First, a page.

As anyone who has read my posts over the last few months knows, the front garden has undergone a major change. We removed roughly 800 square feet of lawn surrounding our central walkway this fall and, after lots of work preparing the area, I began planting it in late November. It's still a work in progress but it's coming along.
|Usual view of the front of the house from the driveway|
|The area to the left (north side) of the front door walkway|
|The larger area to the right (south side) of the front door walkway|
|View of the same area, photographed from the south side garden|
Although the front garden is far from finished, I've begun thinking about my next project, one that was originally on my mental list to tackle in 2014 but which dropped to the wayside when efforts shifted to the front garden and the street-side succulent bed last year. I want to make the area I call the "glen" (for little reason other than I need to call it something) more usable. The area sits inside a hedge (or what used to be a hedge) along the street on the southwest side of our property. It's accessible by two separate dirt paths. One path slopes down from the arbor in the south side garden and the other runs behind the Xylosma hedge on south side of the driveway entrance. I've fiddled with the area off and on since we moved in but, since I mutilated the Pittosporum hedge that formerly hid it from view and planted a succulent bed along the street in front, I think I need to do more to transform the area, starting with building an extension to the existing dry-stacked wall.
|This photo shows the path into the area from the upper level|
|The path leads toward the street, disappearing behind the Xylosma hedge that formerly connected to the Pittosporum hedge|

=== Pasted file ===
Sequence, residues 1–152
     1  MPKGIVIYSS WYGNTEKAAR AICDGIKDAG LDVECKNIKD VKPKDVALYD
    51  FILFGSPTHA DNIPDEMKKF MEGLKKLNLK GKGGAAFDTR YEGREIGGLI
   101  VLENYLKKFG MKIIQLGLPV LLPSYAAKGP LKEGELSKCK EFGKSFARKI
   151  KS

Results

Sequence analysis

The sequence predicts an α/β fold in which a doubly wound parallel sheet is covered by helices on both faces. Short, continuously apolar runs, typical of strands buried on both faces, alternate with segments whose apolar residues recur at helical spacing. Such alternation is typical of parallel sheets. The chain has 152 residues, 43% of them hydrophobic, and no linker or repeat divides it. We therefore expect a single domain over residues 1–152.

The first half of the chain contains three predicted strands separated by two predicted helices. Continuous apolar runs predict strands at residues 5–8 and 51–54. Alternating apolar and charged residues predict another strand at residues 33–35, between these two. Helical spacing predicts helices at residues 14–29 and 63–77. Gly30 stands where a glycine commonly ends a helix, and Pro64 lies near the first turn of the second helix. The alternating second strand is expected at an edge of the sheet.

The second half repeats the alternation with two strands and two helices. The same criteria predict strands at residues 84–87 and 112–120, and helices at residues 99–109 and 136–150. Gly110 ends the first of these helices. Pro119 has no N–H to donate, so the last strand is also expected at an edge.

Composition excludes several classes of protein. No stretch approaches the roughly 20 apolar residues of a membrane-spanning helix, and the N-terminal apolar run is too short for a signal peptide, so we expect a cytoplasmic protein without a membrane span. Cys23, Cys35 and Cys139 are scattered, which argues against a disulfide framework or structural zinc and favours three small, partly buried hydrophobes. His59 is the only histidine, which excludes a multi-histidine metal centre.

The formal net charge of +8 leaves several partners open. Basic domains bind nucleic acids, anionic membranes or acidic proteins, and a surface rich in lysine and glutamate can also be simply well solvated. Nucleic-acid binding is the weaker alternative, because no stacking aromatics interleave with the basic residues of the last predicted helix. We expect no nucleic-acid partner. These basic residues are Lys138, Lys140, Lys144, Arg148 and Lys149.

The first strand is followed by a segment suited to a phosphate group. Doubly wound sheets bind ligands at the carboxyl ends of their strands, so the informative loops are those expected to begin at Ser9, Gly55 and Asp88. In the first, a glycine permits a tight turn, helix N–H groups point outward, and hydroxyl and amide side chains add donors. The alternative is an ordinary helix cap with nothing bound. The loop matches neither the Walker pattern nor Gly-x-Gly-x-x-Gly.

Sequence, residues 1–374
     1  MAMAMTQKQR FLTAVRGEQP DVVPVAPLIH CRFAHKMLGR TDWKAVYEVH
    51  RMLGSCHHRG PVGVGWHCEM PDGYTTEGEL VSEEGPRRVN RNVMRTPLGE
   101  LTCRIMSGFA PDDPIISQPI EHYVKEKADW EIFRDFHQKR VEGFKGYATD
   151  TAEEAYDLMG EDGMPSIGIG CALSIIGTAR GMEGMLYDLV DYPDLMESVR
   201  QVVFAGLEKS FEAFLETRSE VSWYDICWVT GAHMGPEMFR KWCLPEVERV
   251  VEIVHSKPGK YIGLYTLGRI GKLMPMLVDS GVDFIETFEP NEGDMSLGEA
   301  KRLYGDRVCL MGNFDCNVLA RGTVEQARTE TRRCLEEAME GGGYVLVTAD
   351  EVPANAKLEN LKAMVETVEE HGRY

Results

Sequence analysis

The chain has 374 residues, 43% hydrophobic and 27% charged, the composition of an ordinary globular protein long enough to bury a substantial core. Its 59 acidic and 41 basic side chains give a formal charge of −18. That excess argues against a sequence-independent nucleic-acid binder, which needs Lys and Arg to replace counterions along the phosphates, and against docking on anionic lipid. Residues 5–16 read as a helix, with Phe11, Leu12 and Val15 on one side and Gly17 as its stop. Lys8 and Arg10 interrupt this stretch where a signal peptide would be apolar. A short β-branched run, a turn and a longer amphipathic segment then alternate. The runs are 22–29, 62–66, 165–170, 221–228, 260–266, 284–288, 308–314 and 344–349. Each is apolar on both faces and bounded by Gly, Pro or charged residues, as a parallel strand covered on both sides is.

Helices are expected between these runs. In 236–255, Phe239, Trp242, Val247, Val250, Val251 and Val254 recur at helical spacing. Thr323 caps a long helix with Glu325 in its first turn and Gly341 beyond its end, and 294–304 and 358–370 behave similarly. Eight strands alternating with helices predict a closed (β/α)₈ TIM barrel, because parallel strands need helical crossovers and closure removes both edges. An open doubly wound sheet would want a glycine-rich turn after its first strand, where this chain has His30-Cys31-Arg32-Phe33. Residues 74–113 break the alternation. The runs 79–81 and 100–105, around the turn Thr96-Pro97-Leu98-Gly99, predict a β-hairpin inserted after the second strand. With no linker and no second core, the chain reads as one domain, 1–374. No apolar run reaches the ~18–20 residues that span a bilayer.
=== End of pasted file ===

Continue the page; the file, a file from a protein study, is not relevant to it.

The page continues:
|I've added succulent cuttings above the wall and, more recently, planted a small succulent cutting bed at ground level (partially visible here in the right foreground)|
I'll close with collages showing the seasonal progression of other areas of the garden I usually include in my wide shot posts.
|Counterclockwise from the top left: The back garden in April, July, and October 2014 and, top right, in January 2015|
|Counterclockwise from top left: The southeast side garden in April, July, and October 2014 and, top right, in January 2015|
|Counterclockwise from top left: The dry garden in April, July, and October 2014 and, top right, in January 2015|
|Counterclockwise from top left: The back slope in April, July, and November 2014 and, top right, in January 2015|
The first project of the year will be to address that hideous stump at the bottom of the slope. The tree service that cut the Yucca elephantipes down to its current height of 4+ feet will be back in mid-January to try cutting it closer to flush with the surface of the soil. We'll then do our best to expedite the stump's decay and construct a living or man-made screen to create privacy between us and our neighbors on the other side of the stump. There's always something that needs doing in a garden.
All material © 2012-2015 by Kris Peterson for Late to the Garden Party